When I first met [brothers Swae Lee and Slim Jxmmi of] Rae Sremmurd, it was like everybody wanted to be hard. It's cool to be mean, but what happened to it being cool to be cool? They had the dope energy, so we said let's just do all cool, turnt-up, good vibes. Party s***. Then they came through and changed the game. I let [K.] Dot hear Rae Sremmurd early. He was riding around to Rae Sremmurd before anybody was riding around to Rae Sremmurd. He was telling me that was his favorite group. And to work with him, that's something I always wanted to do because I respect his content, I respect his approach and his vision. The way he puts his albums together, he's really talking about some s***. So this moment now is ill. I feel like this is a sound I never really came with prior. It's scaled down, hard knocking, intense, urgent — that's how I would describe this sound. I feel like it can travel the world; anybody can f*** with it.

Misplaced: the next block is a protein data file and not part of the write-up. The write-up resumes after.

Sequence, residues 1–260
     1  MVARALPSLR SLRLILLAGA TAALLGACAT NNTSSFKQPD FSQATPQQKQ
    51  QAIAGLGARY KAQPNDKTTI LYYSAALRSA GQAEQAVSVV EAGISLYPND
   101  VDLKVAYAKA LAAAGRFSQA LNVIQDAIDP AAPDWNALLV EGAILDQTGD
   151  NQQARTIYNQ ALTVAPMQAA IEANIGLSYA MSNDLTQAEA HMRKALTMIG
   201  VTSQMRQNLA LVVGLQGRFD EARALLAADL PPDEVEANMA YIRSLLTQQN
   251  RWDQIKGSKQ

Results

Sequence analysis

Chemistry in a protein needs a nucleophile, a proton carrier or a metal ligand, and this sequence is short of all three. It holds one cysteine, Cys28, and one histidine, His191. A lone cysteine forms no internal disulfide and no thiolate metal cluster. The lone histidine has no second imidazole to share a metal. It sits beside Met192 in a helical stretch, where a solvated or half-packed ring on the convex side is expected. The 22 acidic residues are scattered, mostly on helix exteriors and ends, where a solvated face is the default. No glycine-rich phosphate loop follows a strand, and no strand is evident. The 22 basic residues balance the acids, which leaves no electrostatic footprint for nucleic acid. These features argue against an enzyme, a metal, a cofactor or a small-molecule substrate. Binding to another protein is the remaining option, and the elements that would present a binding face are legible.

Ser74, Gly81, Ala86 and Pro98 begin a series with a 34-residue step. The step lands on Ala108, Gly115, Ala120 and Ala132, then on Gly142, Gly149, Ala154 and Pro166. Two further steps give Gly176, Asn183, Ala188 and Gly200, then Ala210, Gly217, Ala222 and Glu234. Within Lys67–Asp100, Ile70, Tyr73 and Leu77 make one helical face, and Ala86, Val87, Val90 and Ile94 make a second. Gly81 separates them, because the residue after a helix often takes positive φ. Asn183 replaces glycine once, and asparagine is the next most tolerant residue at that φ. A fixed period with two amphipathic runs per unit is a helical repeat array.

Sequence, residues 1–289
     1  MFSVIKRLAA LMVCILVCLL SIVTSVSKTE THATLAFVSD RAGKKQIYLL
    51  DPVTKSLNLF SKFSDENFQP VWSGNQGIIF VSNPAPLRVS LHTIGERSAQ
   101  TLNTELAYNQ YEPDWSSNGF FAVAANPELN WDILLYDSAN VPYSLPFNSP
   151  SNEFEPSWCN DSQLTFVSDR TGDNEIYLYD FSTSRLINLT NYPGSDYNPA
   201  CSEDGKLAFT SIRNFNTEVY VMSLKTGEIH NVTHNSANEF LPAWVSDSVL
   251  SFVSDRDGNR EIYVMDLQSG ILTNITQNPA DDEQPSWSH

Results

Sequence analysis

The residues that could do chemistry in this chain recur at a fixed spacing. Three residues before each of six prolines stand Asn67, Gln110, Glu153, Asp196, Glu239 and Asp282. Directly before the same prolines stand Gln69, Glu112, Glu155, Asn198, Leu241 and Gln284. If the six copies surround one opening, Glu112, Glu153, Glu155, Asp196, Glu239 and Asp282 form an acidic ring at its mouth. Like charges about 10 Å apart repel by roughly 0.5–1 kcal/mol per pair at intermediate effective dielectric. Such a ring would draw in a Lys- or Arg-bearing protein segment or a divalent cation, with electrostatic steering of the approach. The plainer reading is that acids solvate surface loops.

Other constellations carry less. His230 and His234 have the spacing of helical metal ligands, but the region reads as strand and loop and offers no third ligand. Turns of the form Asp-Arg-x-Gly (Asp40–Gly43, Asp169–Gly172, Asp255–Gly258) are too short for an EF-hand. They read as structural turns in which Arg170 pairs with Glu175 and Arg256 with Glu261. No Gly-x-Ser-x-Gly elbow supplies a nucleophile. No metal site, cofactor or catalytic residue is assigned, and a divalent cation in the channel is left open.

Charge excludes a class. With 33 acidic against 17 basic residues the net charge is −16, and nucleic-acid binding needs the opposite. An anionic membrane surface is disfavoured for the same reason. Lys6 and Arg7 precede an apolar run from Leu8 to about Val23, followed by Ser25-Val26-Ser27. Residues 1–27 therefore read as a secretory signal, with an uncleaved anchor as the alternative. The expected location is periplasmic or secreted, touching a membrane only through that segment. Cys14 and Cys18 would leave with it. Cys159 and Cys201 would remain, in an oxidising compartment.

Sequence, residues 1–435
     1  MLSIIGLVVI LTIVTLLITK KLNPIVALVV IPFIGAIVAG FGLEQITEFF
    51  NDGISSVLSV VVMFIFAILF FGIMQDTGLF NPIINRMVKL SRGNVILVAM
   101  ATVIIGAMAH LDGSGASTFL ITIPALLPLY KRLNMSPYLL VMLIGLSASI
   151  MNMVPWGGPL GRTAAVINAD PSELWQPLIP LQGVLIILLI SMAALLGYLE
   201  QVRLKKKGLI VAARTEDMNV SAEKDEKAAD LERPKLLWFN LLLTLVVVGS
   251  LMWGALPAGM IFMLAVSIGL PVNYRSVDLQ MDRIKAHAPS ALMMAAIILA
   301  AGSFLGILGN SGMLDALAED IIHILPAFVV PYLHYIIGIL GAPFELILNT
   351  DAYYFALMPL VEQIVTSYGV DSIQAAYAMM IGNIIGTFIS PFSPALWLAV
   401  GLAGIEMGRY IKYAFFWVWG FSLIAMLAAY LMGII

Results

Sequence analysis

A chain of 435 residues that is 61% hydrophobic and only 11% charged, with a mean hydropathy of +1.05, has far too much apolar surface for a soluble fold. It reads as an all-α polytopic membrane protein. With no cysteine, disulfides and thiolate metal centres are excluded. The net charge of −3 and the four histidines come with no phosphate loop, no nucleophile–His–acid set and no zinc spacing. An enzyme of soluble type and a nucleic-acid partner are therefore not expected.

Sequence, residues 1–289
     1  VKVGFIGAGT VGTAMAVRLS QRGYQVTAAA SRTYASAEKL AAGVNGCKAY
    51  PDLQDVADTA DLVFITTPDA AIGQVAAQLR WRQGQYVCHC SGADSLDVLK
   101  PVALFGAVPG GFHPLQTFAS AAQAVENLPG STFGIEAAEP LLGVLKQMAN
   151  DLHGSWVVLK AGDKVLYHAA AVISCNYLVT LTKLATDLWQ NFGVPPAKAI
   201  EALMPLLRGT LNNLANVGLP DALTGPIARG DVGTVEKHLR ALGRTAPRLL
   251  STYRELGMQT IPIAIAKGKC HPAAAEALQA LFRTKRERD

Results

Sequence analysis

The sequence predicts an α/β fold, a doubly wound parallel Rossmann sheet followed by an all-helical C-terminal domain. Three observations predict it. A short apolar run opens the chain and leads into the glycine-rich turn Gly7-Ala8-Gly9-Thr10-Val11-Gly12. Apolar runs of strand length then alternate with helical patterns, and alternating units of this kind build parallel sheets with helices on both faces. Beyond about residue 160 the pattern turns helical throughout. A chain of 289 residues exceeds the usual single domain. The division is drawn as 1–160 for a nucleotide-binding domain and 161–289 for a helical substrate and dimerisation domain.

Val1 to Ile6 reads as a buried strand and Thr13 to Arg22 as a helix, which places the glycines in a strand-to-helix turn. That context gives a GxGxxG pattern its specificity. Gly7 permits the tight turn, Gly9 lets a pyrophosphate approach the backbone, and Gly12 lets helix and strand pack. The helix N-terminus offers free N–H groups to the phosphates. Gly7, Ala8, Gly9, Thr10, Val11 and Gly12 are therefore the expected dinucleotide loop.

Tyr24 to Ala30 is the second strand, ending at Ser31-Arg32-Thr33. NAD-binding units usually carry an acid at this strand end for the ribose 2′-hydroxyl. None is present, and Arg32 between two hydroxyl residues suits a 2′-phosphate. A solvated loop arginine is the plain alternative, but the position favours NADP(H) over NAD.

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Rodney Carmichael is NPR Music's hip-hop staff writer. An Atlanta-bred cultural critic, he helped document the city's rise as rap's reigning capital for a decade while serving on staff as music editor, culture writer and senior writer for the defunct alt-weekly Creative Loafing.